When can an employer enforce a noncompete agreement?
You may have owned your own business for decades and have seen many employees come and go in the process. Sometimes you may be worried that an employee who has been with you for years will leave your employment to start their own competing business. For this reason, you may choose to have new or resigning employees enter into a noncompete agreement.
What is a noncompete agreement?
A noncompete agreement is a document signed by an employee stating that they will not work for a competitor or utilize trade secrets in future employment, at least for a certain number of years and withing a specific geographic radius around their former employer. Under Texas law a noncompete agreement is only valid if it is part of another enforceable employment agreement and if it is reasonable in terms of time, geography and scope.
Employer’s obligations under a noncompete agreement
In Texas a noncompete agreement will only be enforced when challenged by an employee if the employer can show that not enforcing it would harm the employer. In addition, enforcing the agreement cannot place an unreasonable burden on the former employee’s ability to make a living. Specialized knowledge of the company can support a need to limit competition. More general knowledge is harder to protect through a noncompete agreement.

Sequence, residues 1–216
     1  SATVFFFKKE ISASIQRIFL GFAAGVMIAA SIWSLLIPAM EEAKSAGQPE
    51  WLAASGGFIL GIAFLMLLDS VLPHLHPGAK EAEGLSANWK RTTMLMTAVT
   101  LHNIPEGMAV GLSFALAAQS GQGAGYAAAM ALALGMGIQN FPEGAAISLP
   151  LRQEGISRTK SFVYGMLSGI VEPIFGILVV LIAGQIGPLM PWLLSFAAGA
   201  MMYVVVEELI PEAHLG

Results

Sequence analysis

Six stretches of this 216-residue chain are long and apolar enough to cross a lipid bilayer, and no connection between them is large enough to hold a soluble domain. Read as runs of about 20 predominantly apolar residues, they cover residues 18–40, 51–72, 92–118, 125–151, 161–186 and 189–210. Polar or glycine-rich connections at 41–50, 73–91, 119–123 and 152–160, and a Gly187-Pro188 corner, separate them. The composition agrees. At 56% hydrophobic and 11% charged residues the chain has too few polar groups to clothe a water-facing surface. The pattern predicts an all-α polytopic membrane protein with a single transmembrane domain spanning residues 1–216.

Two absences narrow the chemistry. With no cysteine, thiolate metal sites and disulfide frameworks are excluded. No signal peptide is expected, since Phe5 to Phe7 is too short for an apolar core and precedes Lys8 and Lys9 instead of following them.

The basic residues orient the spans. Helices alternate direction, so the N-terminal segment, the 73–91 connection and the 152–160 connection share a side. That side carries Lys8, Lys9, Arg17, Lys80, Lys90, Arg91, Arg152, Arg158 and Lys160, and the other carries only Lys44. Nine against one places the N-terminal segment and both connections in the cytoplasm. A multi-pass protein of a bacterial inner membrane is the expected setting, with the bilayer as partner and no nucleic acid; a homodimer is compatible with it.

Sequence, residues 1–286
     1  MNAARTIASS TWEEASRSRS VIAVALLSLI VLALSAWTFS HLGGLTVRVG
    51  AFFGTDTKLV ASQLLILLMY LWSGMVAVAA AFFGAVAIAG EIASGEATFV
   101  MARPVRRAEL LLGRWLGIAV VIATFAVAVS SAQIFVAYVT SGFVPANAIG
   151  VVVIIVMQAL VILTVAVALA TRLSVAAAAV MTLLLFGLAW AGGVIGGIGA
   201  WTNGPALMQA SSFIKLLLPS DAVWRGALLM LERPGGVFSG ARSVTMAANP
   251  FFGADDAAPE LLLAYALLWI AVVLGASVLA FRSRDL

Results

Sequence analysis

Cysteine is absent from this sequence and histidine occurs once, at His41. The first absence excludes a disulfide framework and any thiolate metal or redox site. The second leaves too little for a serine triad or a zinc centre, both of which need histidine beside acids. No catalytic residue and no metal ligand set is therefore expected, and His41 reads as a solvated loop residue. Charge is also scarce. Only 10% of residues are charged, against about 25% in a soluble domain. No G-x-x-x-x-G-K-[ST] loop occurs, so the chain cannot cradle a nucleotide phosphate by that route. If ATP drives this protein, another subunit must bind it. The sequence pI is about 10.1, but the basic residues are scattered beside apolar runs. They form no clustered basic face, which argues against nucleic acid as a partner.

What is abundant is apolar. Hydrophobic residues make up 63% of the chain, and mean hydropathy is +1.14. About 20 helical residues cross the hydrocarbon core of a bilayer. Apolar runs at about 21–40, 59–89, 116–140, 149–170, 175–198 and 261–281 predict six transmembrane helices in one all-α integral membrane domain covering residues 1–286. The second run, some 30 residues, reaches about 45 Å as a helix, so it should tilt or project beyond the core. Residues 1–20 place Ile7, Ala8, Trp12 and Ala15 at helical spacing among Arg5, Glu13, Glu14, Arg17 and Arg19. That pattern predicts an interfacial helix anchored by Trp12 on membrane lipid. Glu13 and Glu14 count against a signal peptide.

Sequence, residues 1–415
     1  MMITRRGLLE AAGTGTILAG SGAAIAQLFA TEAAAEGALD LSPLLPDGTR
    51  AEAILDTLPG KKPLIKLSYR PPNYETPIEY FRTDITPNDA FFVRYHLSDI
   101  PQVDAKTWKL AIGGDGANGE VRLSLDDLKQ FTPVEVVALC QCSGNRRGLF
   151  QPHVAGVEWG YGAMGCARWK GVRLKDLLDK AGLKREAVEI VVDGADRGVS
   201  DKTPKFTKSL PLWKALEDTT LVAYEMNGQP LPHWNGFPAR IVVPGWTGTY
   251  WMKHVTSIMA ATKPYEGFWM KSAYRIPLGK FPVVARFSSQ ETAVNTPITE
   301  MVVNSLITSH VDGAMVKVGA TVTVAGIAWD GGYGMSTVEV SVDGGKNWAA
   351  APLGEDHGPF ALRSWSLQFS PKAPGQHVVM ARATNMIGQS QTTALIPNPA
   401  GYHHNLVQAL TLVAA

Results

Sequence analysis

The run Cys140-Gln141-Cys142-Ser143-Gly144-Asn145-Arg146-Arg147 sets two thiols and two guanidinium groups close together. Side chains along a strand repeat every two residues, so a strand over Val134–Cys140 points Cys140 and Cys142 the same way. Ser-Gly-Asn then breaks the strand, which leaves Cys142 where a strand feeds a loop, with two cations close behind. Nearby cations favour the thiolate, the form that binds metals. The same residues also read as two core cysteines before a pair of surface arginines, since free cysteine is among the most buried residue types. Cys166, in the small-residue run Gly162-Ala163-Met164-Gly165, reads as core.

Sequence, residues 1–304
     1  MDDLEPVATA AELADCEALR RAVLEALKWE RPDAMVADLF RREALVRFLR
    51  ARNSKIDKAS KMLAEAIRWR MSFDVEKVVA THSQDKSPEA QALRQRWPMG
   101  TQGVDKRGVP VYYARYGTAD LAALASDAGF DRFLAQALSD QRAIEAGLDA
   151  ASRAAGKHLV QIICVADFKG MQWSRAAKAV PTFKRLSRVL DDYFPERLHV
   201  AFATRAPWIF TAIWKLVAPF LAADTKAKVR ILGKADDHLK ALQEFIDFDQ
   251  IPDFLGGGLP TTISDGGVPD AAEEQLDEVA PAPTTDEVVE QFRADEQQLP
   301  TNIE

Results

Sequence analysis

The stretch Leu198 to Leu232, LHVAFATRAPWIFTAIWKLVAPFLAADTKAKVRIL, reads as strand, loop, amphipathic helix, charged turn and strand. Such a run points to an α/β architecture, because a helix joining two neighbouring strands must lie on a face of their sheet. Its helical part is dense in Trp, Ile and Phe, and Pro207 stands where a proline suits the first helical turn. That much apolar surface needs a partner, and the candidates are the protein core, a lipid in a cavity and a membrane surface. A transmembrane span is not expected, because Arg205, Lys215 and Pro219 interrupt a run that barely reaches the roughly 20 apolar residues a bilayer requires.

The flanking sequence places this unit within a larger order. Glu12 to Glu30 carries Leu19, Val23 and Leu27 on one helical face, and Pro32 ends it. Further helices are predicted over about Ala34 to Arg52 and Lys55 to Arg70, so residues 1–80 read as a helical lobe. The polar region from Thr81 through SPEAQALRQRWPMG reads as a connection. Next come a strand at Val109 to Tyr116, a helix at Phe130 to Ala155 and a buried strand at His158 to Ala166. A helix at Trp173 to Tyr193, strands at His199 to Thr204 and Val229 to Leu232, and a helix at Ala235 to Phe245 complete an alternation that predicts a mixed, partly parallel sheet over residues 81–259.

Know your rights as an employer
Texas law recognizes that public policy supports robust competition in the business world and that agreements limiting enforcement should only be deemed valid if absolutely necessary. Still, many employers rely on noncompete agreements to protect their customer base, method of operation and trade secrets. Texas employers looking to learn more about noncompete agreements can seek the help they need to understand their rights when an employee leaves their employment.